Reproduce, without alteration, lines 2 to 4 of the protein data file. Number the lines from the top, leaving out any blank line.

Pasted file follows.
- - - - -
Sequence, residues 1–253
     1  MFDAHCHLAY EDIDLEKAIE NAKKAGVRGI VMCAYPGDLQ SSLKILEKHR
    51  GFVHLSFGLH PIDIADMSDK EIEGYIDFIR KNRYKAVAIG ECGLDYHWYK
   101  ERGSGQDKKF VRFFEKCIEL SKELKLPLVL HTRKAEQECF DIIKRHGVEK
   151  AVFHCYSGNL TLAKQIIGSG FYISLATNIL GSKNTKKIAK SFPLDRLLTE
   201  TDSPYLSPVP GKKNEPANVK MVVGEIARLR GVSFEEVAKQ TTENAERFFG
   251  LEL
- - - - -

     1  MFDAHCHLAY EDIDLEKAIE NAKKAGVRGI VMCAYPGDLQ SSLKILEKHR
    51  GFVHLSFGLH PIDIADMSDK EIEGYIDFIR KNRYKAVAIG ECGLDYHWYK
   101  ERGSGQDKKF VRFFEKCIEL SKELKLPLVL HTRKAEQECF DIIKRHGVEK